Garbage bring it again…


Well, three singles have been released in the lead up to my favourite band Garbage’s seventh album. Wow, I’m feeling spoilt as all three have been bangers, and their latest, ‘Wolves’ is a rocking, creatively produced, catchy tune that has become my personal jam of the songs released thus far. The animated video is stylistically similar to ‘The Men Who Rule The World’ and equally as provocative. Check it out below….

No Gods No Masters is out June 11. You can expect a review of the complete album once it’s released.

Even newer Garbage


Last night during a live YouTube chat with the band and viewers, Garbage’s title track from forthcoming album No Gods No Masters was revealed, in a cool, neon-fused promo video. This electro-pop, kind-of eighties sounding jam was much more my taste than the previous, highly political ‘The Men Who Rule The World’ and I can see it becoming a favourite amongst the many other stellar songs the band have produced over the years. Anyone unfamiliar with Garbage, I highly recommend checking them out, especially if you enjoy alternative pop/rock with strong vibes of Blondie, No Doubt etc. Watch the video below…

Garbage’s 7th studio album is released on June 11. They have plans to tour with Alanis Morissette in America later this year, followed by a tour in the U.K. with Blondie.

2018 music highlights


Apple Music

KT TunstallAs someone who pretty much shuns the mainstream for the corporate beast it has always been in favour of the less celebrated or lesser known artists, this year a few albums have been in heavy rotation on my iPhone.  Firstly the return of KT Tunstall with her surprisingly enjoyable and polished album ‘Wax’ which harked back to that skillfull song writing that made her name in Eye To The Telescope, and well just has some really good pop-rock songs on it.

PearlHartsThen we come to the stripped back, moody guitar simplicity of ‘Glitter and Spit’ the brilliant debut from female duo The Pearl Harts, who initially grabbed my attention when they supported Garbage during part of their UK tour in 2016.  This album has a resemblance to The White Stripes but also adds gritty punk rock to it that made me think of Suzy Quatro.  The guitaring and the attitude driven vocals make for a very promising start to a career in my book.

ChvrchesChvrches impressed me previously with their excellent second album Every Open Eye, and even if their latest ‘Love Is Dead’ seems overly mainstream and a little bit lazy in places, it still has a sheen of slick production and Lauren Mayberry’s angelic vocals to carry it through.  Not a massive highlight but an album I’ve enjoyed none the less.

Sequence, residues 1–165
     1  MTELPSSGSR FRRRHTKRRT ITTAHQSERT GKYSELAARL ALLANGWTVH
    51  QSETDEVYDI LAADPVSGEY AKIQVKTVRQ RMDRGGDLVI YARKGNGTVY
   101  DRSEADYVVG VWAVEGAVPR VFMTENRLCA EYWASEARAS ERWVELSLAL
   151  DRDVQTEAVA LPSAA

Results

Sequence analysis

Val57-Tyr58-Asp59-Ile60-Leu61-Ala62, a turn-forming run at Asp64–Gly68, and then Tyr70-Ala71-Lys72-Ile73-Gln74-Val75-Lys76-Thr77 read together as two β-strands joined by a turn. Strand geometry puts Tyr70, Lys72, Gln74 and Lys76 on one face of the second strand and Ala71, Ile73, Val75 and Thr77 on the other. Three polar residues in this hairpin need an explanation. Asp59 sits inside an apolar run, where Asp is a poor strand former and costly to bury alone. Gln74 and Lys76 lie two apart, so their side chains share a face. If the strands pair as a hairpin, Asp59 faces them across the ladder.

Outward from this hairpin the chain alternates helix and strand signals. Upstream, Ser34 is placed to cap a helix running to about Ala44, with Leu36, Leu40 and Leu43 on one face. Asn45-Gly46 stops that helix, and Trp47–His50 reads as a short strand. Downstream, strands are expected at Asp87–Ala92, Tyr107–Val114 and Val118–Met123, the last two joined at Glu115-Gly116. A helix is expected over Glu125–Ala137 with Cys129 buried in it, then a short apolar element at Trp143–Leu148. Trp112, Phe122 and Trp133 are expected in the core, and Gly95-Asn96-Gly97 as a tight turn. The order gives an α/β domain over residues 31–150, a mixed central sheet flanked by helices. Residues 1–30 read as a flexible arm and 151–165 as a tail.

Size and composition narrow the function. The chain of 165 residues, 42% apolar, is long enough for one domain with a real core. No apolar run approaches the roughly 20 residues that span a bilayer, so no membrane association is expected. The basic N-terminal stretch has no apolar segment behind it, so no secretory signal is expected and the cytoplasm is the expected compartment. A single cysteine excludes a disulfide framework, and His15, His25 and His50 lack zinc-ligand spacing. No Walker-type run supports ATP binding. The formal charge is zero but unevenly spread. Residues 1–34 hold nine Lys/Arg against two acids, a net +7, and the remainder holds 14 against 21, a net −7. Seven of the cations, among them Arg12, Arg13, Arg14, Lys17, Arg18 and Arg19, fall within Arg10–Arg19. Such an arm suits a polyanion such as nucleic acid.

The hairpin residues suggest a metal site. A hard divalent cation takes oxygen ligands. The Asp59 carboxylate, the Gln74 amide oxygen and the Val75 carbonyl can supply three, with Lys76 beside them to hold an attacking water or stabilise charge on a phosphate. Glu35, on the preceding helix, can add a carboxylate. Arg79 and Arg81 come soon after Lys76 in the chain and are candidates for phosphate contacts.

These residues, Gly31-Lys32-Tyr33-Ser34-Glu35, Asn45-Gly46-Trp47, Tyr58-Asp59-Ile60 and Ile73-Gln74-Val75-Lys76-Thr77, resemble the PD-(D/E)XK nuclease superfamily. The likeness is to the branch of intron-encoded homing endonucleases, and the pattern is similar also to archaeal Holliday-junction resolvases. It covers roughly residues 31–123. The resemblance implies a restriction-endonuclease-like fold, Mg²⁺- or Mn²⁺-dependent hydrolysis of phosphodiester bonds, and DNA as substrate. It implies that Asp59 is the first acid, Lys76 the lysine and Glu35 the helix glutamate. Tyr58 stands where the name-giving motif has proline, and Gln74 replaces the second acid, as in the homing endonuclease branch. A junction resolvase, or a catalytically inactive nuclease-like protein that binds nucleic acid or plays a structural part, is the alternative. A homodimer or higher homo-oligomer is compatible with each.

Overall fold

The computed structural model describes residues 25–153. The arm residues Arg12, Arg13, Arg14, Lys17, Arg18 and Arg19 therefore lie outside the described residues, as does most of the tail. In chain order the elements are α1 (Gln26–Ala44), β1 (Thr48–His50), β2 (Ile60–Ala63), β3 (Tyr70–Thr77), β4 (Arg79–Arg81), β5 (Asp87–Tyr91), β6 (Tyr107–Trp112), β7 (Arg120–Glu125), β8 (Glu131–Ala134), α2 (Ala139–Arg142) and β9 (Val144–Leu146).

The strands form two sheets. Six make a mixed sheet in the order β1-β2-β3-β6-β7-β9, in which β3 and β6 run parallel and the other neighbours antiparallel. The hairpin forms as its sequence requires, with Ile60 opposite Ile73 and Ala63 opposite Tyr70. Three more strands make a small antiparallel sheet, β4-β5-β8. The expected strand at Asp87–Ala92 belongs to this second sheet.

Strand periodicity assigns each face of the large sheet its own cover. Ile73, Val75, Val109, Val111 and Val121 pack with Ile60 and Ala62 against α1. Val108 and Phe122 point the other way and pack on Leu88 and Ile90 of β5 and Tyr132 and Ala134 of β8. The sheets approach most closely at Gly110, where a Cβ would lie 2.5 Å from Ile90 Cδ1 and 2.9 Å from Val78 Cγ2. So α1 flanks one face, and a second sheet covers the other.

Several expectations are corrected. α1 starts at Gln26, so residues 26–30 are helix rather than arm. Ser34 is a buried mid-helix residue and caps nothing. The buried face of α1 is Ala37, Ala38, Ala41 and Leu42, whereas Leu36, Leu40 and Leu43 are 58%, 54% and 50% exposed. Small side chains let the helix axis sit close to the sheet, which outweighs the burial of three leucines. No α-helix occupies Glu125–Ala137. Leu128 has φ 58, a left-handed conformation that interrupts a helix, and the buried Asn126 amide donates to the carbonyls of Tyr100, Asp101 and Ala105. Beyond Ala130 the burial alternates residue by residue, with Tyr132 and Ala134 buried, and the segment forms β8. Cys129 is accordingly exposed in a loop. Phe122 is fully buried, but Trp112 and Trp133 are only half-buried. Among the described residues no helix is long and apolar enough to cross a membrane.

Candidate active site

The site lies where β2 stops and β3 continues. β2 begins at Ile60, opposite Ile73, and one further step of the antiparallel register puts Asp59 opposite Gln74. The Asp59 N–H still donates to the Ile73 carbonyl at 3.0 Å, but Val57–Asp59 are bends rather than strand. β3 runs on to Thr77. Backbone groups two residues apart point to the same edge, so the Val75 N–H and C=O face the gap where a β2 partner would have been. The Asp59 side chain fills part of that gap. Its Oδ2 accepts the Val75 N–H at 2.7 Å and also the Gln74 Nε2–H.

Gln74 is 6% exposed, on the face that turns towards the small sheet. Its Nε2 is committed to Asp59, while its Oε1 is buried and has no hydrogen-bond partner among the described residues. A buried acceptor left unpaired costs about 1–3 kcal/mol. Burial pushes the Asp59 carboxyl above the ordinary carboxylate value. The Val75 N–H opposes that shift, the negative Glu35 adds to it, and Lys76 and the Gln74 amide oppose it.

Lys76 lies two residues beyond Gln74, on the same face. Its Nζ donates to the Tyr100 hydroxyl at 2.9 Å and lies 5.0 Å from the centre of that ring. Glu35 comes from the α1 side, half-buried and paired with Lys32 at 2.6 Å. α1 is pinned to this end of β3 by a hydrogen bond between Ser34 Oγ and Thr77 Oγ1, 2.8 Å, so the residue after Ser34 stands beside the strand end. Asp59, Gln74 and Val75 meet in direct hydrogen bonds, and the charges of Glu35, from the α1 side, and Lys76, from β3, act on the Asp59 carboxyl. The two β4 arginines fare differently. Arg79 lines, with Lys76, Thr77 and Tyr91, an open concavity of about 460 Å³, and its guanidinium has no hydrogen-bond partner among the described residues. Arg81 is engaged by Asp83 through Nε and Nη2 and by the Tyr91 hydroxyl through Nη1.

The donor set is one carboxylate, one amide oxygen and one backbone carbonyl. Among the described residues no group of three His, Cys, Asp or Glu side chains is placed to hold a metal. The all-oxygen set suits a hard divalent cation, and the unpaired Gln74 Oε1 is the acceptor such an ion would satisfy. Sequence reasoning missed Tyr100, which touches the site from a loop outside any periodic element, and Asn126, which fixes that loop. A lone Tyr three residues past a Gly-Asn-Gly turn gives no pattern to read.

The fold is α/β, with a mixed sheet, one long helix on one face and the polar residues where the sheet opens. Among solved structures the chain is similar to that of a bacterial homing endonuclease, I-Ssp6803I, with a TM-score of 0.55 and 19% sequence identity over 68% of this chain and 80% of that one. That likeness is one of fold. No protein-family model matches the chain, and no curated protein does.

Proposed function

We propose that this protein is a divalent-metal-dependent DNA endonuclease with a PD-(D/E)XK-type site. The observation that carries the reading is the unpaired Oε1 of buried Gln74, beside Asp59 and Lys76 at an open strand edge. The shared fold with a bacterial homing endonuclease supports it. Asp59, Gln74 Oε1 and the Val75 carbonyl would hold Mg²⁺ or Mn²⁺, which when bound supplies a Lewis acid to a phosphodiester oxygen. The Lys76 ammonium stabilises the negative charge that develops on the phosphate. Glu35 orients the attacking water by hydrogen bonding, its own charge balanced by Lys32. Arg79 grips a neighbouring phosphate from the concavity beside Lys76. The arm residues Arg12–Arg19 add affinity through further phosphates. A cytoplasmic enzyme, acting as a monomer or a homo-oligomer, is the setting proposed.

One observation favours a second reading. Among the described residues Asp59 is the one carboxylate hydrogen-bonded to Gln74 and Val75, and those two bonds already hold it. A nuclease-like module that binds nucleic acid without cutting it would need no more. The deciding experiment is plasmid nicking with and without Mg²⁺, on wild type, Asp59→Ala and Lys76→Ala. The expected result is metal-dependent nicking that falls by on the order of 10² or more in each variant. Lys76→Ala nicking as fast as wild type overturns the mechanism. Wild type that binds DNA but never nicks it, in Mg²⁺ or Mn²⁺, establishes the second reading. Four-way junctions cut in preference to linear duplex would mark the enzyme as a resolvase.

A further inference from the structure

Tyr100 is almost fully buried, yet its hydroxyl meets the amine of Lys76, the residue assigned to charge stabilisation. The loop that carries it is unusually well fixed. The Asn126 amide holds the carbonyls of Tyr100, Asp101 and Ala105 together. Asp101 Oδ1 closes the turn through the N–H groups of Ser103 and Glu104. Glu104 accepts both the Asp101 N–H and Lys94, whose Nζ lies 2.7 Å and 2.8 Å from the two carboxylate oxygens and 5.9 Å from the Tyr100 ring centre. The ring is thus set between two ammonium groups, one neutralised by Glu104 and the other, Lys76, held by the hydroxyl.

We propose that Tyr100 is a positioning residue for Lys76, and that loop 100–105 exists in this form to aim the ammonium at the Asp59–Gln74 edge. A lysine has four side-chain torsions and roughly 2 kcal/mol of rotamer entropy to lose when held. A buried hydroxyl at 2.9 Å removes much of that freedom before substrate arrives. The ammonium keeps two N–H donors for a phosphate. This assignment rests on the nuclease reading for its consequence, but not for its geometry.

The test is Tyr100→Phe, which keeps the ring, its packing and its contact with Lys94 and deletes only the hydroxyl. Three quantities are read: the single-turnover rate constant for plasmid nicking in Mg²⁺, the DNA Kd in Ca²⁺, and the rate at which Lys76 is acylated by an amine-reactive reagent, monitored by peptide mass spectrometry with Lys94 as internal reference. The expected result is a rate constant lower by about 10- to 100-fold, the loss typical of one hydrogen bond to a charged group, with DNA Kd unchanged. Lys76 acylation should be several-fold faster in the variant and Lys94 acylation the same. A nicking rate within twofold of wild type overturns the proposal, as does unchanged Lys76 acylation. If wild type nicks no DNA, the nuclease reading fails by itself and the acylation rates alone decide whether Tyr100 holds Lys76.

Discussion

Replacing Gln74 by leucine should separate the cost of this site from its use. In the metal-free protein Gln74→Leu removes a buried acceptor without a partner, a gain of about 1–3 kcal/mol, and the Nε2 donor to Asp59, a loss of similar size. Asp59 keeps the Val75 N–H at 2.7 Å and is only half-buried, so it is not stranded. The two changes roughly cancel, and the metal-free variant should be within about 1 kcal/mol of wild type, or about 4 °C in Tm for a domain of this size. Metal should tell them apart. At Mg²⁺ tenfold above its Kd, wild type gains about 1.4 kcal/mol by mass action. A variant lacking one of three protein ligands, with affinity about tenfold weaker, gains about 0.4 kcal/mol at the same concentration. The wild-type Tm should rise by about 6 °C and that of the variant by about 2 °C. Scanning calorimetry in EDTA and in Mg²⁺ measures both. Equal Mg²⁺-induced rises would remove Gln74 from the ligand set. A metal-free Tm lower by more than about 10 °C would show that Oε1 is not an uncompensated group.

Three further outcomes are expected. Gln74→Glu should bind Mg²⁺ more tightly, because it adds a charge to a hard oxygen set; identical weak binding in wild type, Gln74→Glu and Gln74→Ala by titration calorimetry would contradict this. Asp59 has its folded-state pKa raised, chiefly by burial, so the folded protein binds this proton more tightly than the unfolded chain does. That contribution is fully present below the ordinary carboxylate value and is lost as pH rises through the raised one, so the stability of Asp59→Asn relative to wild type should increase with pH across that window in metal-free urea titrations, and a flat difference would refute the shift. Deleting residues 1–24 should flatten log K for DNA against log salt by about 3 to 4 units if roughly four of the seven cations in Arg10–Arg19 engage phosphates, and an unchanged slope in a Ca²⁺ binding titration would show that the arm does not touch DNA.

Against The CurrentAgain favouring a more mainstream sound than their last records, Against The Current still delivered a polished and entertaining second album in the shape of ‘Past Lives’ which features several decent songs even if some of their punk-pop sensibilities are mostly absent.

For a re-issue Garbage’s 20th anniversary of ‘Version 2.0’ not only brought with it a stellar remastering that made the album sound amazing, but a wealth of quality b-sides that made for a hell of a package.  Version 2.0 is not only my favourite Garbage album, it’s my favourite album … period.  So this version, despite some odd tinkering on certain tracks was a genuine highlight of 2018 for me.  Add to this the fact I got to experience it’s entirety live in concert at Brixton Academy, and well I think you can guess how happy that made me.

Garbage

Music for me is certainly still a difficult hobby to truly embrace.  I find myself trapped in the 90s or only listening to the same handful of artists.  We live in a culture that favours repetition and mediocrity and worships heavily promoted familiar names rather than promoting the freedom to go and seek out something ‘different’.  I feel it’s the only entertainment industry that really shuns creativity in favour of whatever music execs and narrow-minded radio stations consider the current cool trend, and so finding music that I can identify with and appreciate gets harder and harder every year.  The above named albums seemed to stick with me this year and stood out when so much else just felt boring.